https://m.youtube.com/watch?v=Mq-SrUZUluU
    Quote Originally Posted by Ingélou View Post


    I so agree.
    The Mystery Sonatas are probably my absolutely favourite piece of music. What I like also is the way the music quite often fits the particular decade of the rosary - e.g. The Crowning with Thorns sounds jagged. As a violinist (actually a fiddler) myself, too, I appreciate some of the technical aspects, such as use of scordatura and cross-stringing.
    https://en.wikipedia.org/wiki/Rosary_Sonatas

    We have two cds - Andrew Manze's and Riccardo Minasi & Bizzarrie Armoniche - and we listen to them both, though I slightly prefer the latter as it always seems a bit more heartfelt, somehow. There was a German version on YouTube a few years ago which was how I got to know the work, but it was a bit out of our price range. However, if I ever win the Lottery, I will get every version out there.
    I read these posts this morning. Thanks for the inspiration/direction! I haven't listened to my "Mystery Sonatas" in a while:

    Attachment 98960(click to view...had to scan inserts as unavailable online anywhere I looked)
    Last edited by Joe B; Nov-05-2017 at 16:55.
    I love music. I want music. I need music.

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  23. #117
    Senior Member Mowgli's Avatar
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    TYA -> Bruckner #2 -> Rameau

    The Dardanus Suite's flute tweeting, fiddle sawing & drum bashing is surprisingly rowdy and charming
    Hippolyte et Arieie is just as rowdy. My first Rameau listen is a win.

    Last edited by Mowgli; Nov-05-2017 at 20:49.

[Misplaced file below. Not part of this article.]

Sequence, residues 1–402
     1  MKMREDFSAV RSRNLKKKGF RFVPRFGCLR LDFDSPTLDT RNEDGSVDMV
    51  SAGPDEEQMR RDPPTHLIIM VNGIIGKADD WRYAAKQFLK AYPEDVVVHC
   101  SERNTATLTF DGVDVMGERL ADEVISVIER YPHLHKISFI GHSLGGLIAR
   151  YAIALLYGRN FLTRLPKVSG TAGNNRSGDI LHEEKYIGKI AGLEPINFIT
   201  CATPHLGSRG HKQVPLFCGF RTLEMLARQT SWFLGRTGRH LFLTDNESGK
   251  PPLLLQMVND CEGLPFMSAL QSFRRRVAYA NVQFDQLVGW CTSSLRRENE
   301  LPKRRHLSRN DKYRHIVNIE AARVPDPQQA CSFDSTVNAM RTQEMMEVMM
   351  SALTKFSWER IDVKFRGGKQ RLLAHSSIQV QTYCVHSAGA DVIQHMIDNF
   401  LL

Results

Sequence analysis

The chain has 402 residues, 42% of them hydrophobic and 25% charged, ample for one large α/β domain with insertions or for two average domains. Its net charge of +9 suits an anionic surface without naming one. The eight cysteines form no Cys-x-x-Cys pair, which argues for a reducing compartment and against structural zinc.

24. #118
    Senior Member Ingélou's Avatar
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    I'm feeling a bit daunted, but it's time for me to start my sampling of Monteverdi, as he's the next on the Wiki list in the OP.

    He is so big and so influential - and yet I know nothing of his work!!!!

    I thought I'd start with the Composer Guestbook on Talk Classical.
    Monteverdi, Claudio (1567-1643)

    Unfortunately an attachment in the OP which seems to be a list of where to start has winked out over the years - the Composer Guestbook dates from 2010.

    However, PetrB of famous memory posts (#3) to recommend a film 'The Full Monteverdi' so Taggart is looking into the possibility of getting it. The film is based on six modern couples breaking up in a restaurant, Monteverdi's madrigals illustrating their relationships and difficulties, so it may turn out to be a bit 'modern' for us (we're a sad trad pair ) but it has had good critical reception and might be a place to start.

    https://en.wikipedia.org/wiki/The_Full_Monteverdi


    I shall be reading this article carefully over the next day or two - you wouldn't believe how ignorant I am.
    I think in all truth the name Monteverdi has scared me off!
    https://en.wikipedia.org/wiki/Claudio_Monteverdi

    I'd be very grateful if any of you can suggest either a starting place or a strategy for Tackling Monteverdi.
    Thank you in advance.
    Last edited by Ingélou; Nov-06-2017 at 11:03.
    ~ Mollie ~
    My fiddle my joy.

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  26. #119
    Senior Member tdc's Avatar
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    Here is a Monteverdi piece that is a favorite of mine, if you enjoy this you may want to explore some of his madrigals, Book VIII is a great place to start.



    For large scale works I would suggest starting with the opera L'Orfeo. This version with Savall conducting is the one I have and I find it excellent:

    L'Orfeo
    https://www.youtube.com/watch?v=0mD16EVxNOM
    Last edited by tdc; Nov-06-2017 at 11:33.

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  28. #120
    Senior Member Ingélou's Avatar
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    Thank you so much, tdc - this is lovely.

    So lovely that I'm going to nick it for my Psalms to Music thread in the Religious Music forum, with due acknowledgement to you.

    PS - And thank you for the link to Orfeo. We will certainly be watching this together.
    Last edited by Ingélou; Nov-06-2017 at 12:01.
    ~ Mollie ~
    My fiddle my joy.